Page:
ABM system in Sections 1 & 2. It does not mention
anything about exotic strategic systems yet to be
developed. How are the respective sides to judge what, in
the future, may serve as an ABM system while also
functioning as another weapon, etc.? Is it back to being
tested "in an ABM mode"? Treaty proponents argue that
this was in fact debated heavily during negotiations and
was resolved by inserting the words, "currently
consisting of" in the preface of Section 1, just before
listing the components considered to be parts of an ABM
According to Bunn, there was extensive debate among
negotiators about using technology-specific definitions
within the treaty versus some sort of "sweeping
functional definition encompassing all possible ABM
technologies" (1990: 64). The logjam was supposedly
broken, allegedly on the insistence of American
negotiator Raymond Garthoff, by inserting the phrase
"currently consisting of" as a way of "making clear that
the list of components was only illustrative of current
technologies, and that the treaty would apply to future
systems as well" (1990: 65). Still, Bunn concedes the

Garthoff pointed out that the substantive issue
of whether all deployments of future systems would
be banned would be settled elsewhere, since Article
II included only definitions and not specific
obligations (1990: 65).
One has to wonder, however, why the negotiating
teams chose not to merely insert a statement such as:
"All futuristic technologies serving as ABM systems are
hereby prohibited." In other words, if they wanted to ban
those so-called exotic systems not yet developed, why
didn't they just say so? Future systems could certainly
have been delineated under Section 2 of Article II, where
it appears the issue was being addressed. The notion that
this controversy was decided at this particular time, and
with the phrase, "currently consisting of," is even less
likely when one realizes that Agreed Statement D
specifically confronts the issue. It states that those
systems "based on other physical principles" and "created
in the future" would be submitted to the SCC for
"discussion in accordance with Article XIII and agreement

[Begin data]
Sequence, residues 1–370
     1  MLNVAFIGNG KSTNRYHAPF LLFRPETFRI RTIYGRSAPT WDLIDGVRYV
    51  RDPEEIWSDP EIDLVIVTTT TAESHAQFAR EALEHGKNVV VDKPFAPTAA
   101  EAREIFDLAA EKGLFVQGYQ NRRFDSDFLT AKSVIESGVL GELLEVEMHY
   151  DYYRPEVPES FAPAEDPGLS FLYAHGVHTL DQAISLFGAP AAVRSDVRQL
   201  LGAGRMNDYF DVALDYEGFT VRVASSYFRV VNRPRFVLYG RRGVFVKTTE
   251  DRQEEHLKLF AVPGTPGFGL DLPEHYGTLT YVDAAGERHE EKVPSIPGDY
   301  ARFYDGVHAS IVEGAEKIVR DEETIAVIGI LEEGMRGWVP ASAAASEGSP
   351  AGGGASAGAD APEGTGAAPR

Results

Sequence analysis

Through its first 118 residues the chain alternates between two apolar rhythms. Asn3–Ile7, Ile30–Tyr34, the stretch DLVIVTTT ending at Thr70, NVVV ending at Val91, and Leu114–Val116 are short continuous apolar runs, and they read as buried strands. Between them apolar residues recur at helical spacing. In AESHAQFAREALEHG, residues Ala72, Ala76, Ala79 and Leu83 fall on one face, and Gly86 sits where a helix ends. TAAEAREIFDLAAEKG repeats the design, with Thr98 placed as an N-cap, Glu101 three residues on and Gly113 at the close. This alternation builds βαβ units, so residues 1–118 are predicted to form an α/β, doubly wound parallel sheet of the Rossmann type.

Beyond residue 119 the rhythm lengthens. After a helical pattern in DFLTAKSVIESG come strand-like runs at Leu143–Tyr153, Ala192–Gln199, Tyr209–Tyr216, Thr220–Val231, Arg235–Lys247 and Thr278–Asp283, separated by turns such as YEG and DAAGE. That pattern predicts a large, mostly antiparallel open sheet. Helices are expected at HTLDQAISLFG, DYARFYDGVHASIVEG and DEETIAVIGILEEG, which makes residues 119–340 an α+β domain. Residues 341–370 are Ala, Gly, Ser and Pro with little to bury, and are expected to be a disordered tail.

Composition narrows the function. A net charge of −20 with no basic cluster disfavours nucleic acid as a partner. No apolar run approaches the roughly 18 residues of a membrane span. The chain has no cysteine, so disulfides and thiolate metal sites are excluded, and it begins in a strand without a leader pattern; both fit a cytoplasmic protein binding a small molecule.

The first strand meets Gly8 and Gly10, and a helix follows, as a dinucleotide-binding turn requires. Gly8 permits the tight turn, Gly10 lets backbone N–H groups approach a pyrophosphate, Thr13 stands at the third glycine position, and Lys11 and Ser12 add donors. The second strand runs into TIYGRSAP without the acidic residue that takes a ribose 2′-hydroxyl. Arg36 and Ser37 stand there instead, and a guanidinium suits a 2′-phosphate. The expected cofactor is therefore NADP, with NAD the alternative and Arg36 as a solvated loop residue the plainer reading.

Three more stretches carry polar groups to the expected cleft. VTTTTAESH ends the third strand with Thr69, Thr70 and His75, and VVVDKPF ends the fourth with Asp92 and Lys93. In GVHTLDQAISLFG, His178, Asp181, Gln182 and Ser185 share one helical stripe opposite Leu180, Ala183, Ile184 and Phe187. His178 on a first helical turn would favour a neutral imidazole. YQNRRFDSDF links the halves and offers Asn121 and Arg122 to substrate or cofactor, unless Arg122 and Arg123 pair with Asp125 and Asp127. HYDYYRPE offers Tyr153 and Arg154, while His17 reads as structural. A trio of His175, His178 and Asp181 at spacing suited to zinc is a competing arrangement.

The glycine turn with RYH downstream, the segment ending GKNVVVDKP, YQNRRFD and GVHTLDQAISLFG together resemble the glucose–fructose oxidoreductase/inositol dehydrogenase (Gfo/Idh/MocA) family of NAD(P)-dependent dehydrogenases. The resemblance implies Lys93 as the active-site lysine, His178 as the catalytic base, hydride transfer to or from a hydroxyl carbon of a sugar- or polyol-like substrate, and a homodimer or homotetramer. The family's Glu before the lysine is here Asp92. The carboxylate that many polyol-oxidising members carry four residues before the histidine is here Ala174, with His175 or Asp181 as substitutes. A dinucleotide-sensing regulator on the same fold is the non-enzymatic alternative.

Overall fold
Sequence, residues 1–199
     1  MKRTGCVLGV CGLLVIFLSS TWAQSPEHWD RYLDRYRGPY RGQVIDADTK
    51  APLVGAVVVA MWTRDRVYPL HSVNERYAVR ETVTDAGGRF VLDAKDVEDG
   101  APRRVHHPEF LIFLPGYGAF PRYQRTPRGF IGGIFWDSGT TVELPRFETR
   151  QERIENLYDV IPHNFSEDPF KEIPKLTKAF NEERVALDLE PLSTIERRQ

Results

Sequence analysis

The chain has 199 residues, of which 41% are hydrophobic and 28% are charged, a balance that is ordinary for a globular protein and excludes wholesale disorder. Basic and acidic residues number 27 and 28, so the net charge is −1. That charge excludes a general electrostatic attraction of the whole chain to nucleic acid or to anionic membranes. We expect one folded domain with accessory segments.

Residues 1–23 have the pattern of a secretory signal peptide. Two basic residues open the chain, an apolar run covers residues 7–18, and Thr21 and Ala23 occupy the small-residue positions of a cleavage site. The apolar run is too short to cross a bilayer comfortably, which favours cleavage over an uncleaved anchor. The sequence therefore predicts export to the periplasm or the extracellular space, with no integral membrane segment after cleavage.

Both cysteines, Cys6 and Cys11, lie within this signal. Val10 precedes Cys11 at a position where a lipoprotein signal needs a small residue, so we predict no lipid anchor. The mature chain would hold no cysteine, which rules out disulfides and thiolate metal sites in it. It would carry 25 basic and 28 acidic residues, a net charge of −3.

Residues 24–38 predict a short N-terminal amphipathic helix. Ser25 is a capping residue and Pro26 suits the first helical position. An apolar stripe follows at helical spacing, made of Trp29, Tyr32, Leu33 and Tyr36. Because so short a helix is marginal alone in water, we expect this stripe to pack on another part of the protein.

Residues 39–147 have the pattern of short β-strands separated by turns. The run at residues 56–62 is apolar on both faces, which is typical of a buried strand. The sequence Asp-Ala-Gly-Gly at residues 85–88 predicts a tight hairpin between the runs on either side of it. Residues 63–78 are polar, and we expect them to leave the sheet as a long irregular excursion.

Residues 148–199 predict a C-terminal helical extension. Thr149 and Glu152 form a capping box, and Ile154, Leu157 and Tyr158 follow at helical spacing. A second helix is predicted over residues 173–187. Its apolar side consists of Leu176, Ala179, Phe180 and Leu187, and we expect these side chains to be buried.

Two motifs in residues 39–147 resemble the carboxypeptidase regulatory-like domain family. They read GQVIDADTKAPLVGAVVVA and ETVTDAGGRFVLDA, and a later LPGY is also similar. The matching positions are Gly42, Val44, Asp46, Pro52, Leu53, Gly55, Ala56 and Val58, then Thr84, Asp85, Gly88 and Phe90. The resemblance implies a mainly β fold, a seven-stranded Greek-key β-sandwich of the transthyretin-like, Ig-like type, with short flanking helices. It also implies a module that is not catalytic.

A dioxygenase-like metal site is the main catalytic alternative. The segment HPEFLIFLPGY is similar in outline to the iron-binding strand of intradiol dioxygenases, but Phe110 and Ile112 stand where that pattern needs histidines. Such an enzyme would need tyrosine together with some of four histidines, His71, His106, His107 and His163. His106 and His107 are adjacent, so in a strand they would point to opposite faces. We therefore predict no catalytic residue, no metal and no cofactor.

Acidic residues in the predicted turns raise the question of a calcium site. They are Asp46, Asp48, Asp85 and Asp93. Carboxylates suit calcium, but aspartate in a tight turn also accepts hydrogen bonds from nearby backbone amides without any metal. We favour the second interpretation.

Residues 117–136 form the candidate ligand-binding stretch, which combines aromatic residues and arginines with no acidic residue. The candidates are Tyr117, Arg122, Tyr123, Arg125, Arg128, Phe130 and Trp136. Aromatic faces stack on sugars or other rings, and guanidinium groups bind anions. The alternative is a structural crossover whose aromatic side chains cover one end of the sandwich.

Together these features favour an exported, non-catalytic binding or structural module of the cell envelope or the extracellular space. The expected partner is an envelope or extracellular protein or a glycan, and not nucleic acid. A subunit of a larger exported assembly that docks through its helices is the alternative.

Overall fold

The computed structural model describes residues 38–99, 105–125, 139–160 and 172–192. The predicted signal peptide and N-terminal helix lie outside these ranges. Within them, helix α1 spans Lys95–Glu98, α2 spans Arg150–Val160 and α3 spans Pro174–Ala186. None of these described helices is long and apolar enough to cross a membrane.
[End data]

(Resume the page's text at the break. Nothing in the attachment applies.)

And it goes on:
in accordance with Article XIV of the Treaty."
Agreed Statement D has been a hotly contested
provision in the swirling debate over treaty
interpretation. According to the principles of
international law, treaty text, post-ratification
interpretation (e.g., subsequent practice of parties),
and the negotiating record (including in the U.S. Senate

ratification records), are the primary factors in
settling arms accord disputes (Bunn, 1990). In the summer
of 1985, the negotiating record on Statement D,
specifically the legality of futuristic weapons, was the
subject of controversy within the Reagan administration.
A study conducted by the undersecretary of defense sided
with the "broad" interpretation of the treaty, thus
exempting SDI as an exotic program not ^covered by treaty
limits. The study's conclusion was hardly surprisingnor
were the vociferous objections from the Arms Control and
Disarmament Agency and the Department of State. Judge
Abraham Sofaer, the State Department's legal advisor, was
brought in to resolve the issue. He ruled in favor of the
"broad" or "loose" interpretation.
Sofaer's ruling upholding Statement D's redundance
(in light of the fact that future systems were supposedly
already banned under a traditional view of Articles II &
III) met with quick resistance. Treaty supporters argued
that Statement D merely supplemented Articles II & III by
making "an implicit ban explicit" (Bunn, 1990: 62).
Furthermore, it was argued that the statement in question
was actually agreed to "before the final language of
Article III was settled" (Bunn, 1990: 62). Perhaps, but
in the case, why was Agreed Statement D not subsequently
altered or dropped? Could it not be argued that the

Nevertheless, it should be remembered there are those for
and against the ABM Treaty who agree that it literally
prevents the SDI program from moving forward; and it is
quite plausible to contend that at the very least SDI
violates the spirit of the treaty. According to Bunn,
Under the Vienna Convention, a treaty must be
interpreted in light of its "object and purpose."
The fundamental purpose of the ABM Treaty is clear:
the parties agreed to prohibit construction of
nationwide ABM defenses, and to other measures
designed to prevent either side from gaining the
ability to rapidly build such a nationwide system
before the other side could respond (1990: 62).
Though Judge Sofaer's contention was that the negotiating
record as well as the language of the ABM treaty was
patently inconclusive, even supporters of strategic
defense hold no illusions as to the intentions of
American negotiators, i.e., to ban "any and all ABMs now
and forever" (Codevilla, 1988: 189). A Department of
Defense Directive went even further suggesting that any